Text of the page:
I'm having some problems with writing a function that takes options. One of the option values is a function. I one to get at this value but keep it unevaluated. I tried every single thing I could possibly think of but nothing worked so far.

Basically, to illustrate this is what I tried:

SetAttributes[Foo, HoldRest];
Options[Foo] = {Blah -> None}

Foo[x_, OptionsPattern[]] :=

        blah = OptionValue[Automatic, Automatic, Blah, Hold];

Then when I have:

func[a_, b_, c_] := a + b + c;

I'd like to be able to call Foo with:

Foo[2, Blah -> func[1, 2, 3]]

And have the "blah" variable (inside Foo) to be unevaluated, i.e. blah = func[1, 2, 3].

Thanks for all the help in advance!


For reasons that are too long to elaborate, I cannot use RuleDelayed (:>). I'm trying to write a function that will be in a package, used by other people that don't really know Mathematica, so they would have no clue what :> is. Using rules (->) for specifying options and their values is the standard way and they familiar with that.

So to further illustrate, let's say that I'm trying to write a number generator function that takes a function that generates the actual number as one of it's options:

Options[GenerateNumbers] = {GeneratorFunction -> None};

GenerateNumbers[n_, OptionsPattern[]] :=

        func = OptionValue[GeneratorFunction];
        Table[func, {n}]

Now, if I called this function with values as follows:

GenerateNumbers[5, GeneratorFunction -> RandomReal[10]]

It would return a list of 5 numbers that are the same, since RandomReal[10] gets evaluated once and not at every iteration of Table. I want to prevent this. The problem is more complicated but it's along these lines.



Use a name for the OptionsPattern and then wrap the captured sequence object with a List and an Unevaluated. A very minimal way of capturing the right-hand side for Blah is:

SetAttributes[Foo, HoldRest]; Options[Foo] = {Blah -> None};
Foo[x_, opts : OptionsPattern[]] :=
  blah = OptionValue[Foo, Unevaluated[{opts}], Blah, Hold];

Testing it out:

In[2]:= Foo[x, Blah -> (1 + 1)]
Out[2]= Hold[1 + 1]
  • +1, that is a very interesting idea. – rcollyer Feb 18 '11 at 16:45
  • 1
    One general problem with Hold-attributes and OptionsPattern is that options passed not directly but say as Sequence@@FilterRules[{opts},Options[Foo]] (or any other way which would require their evaluation) will not be matched by OptionsPattern in the presense of Hold - attributes (I mean, HoldAll and HoldRest). Of course, this is natural in this example, but this requirement of options being only passed directly is very non-obvious and can puzzle the end-user of the function. I had this problem a few times with my own functions, and even that was quite puzzling. – Leonid Shifrin Feb 21 '11 at 16:38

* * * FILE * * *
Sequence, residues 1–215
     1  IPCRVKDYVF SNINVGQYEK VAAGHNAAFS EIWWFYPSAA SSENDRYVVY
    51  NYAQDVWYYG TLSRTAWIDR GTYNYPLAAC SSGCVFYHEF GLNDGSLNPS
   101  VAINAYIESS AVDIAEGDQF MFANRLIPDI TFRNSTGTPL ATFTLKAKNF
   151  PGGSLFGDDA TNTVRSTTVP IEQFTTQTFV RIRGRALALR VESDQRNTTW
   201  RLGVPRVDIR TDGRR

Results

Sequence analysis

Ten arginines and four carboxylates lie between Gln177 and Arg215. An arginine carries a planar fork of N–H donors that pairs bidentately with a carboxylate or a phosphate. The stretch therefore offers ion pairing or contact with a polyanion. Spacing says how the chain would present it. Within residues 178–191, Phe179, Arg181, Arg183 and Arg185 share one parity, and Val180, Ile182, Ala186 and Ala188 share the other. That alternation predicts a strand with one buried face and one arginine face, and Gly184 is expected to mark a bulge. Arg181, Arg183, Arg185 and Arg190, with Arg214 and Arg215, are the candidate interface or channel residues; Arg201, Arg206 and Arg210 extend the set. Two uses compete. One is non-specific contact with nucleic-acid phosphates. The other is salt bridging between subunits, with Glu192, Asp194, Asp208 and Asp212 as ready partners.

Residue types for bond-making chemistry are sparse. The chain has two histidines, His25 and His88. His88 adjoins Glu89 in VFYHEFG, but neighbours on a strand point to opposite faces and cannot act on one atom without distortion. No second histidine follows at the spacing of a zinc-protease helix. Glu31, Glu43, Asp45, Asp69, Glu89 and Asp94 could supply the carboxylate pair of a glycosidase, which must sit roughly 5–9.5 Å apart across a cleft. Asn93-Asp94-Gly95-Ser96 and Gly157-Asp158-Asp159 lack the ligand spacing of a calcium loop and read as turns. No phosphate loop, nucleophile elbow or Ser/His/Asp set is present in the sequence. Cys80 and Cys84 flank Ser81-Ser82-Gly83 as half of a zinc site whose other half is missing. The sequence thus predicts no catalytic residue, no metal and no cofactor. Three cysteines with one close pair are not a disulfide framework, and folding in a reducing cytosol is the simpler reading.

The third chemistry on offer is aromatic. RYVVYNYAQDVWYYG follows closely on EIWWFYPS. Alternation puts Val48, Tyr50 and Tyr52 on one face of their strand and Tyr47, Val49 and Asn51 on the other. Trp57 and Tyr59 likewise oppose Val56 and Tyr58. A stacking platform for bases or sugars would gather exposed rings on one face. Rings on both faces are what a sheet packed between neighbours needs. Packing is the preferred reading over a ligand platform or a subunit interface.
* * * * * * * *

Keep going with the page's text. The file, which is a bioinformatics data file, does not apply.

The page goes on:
Why don't you use RuleDelayed?

Foo[2, Blah :> func[1, 2, 3]]

In this case blah=Hold[func[1, 2, 3]] as expected.


Your usage of the options is a little strange. If you want to pass some expression wrapped in Hold, why not wrap it in Hold when passing, like Blah->Hold[func[1,2,3]]? Anyway, assuming this simple definition for Foo:

Foo[x_, OptionsPattern[]] :=
   blah = OptionValue[Automatic, Automatic, Blah, Hold];

you can accomplish what you want by passing an option with RuleDelayed rather than Rule:

In[7]:= func[a_, b_, c_] := a + b + c;

In[8]:= Foo[2, Blah :> func[1, 2, 3]]

Out[8]= Hold[func[1, 2, 3]] 



If you don't want Hold wrapped around, here is one way to get rid of it:

SetAttributes[setDelayedHeld, HoldFirst];
setDelayedHeld[lhs_, Hold[rhs_]] := lhs := rhs

Foo[x_, OptionsPattern[]] :=
   setDelayedHeld[blah, OptionValue[Automatic, Automatic, Blah, Hold]];

In[30]:= Foo[2, Blah :> func[1, 2, 3]]

Out[30]= {HoldPattern[blah$1018] :> func[1, 2, 3]}

I return OwnValues for blah to show that it was assigned func[1,2,3] without evaluating the latter - if this is what you want.

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